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Would you buy a used plar from an astronomer?

PLAYERS down at our town's free tennis courts have a short attention span. They have stopped discussing taxes and are now talking about a planet someone discovered outside the solar system. Astronomers are on the verge of giving themselves a bad name. After a lot of this discovery ballyhoo, we learn that what they call a planet is made of gas. Hot gas, at that. Ten times hotter, they say, than Jupiter. That must mean Jupiter is all hot gas, too. Now to the average person this sounds like deception.

Anyone who watched the 1969 moon landing has a right to believe a planet is something you can walk on. Compared with those ``sellers'' of gas planets, old-time Florida real estate operators were church deacons. Maybe they sold lots in Florida that no one could walk on, but at least you could paddle around on them in a rubber raft. Anyway, they weren't gas.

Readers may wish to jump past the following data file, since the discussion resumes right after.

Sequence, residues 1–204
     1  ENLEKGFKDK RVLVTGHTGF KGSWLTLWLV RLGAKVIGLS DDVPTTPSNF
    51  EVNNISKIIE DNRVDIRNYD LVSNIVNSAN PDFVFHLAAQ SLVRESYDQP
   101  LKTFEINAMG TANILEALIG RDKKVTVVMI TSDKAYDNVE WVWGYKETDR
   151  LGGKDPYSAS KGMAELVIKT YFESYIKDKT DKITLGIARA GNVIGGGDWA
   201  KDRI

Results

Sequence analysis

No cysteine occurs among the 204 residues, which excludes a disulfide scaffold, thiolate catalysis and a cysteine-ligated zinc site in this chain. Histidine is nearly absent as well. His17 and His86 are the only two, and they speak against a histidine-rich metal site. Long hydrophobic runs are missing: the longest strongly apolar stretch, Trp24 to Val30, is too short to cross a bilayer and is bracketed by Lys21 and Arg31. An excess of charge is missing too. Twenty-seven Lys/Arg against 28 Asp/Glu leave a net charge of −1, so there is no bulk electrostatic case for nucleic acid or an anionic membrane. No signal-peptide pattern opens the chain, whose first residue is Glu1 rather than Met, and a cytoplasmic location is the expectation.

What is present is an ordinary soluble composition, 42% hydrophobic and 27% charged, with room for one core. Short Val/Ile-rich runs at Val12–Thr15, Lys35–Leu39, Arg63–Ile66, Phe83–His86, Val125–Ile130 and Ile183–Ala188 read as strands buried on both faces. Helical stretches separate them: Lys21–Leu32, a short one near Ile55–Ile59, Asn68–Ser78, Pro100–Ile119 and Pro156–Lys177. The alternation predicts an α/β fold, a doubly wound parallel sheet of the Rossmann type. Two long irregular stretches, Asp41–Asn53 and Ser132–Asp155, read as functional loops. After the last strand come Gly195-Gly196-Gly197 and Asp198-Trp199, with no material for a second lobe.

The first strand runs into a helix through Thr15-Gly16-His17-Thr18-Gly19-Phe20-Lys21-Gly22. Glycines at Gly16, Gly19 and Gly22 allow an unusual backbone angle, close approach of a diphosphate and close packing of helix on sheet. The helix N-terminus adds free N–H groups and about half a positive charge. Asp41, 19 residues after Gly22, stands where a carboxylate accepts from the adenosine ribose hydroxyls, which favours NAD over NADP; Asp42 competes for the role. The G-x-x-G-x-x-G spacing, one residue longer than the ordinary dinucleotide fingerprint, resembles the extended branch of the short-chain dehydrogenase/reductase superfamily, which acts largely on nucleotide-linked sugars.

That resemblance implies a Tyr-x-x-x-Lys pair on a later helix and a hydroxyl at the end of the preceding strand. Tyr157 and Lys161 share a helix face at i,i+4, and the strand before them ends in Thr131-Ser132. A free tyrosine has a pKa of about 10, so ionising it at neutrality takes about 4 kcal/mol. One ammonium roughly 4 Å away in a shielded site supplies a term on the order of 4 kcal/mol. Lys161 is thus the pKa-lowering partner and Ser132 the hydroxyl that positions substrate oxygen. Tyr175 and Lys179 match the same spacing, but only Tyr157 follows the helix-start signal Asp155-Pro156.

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Some of these gas-planet astronomers try to explain that this new mass-of-gas discovery has to be called a planet because it isn't hot enough to be called a star. Well, the profession simply needs another name for this round, gassy nothing. The word has to be between planet and star. Something like ``plar,'' which has a very honest sound to it.

Actually, we ought to take the double-talk out of a lot of professions. They do that just to make you say, ``Please put that in language we can understand.''

Maybe scientific conversations are not intended to be absolutely honest in the first place. Esoteric words, even pig Latin, can make one feel slightly superior.

Or maybe, in the case of astronomers, the science-fiction writers are making them feel obsolete. They are fighting back.

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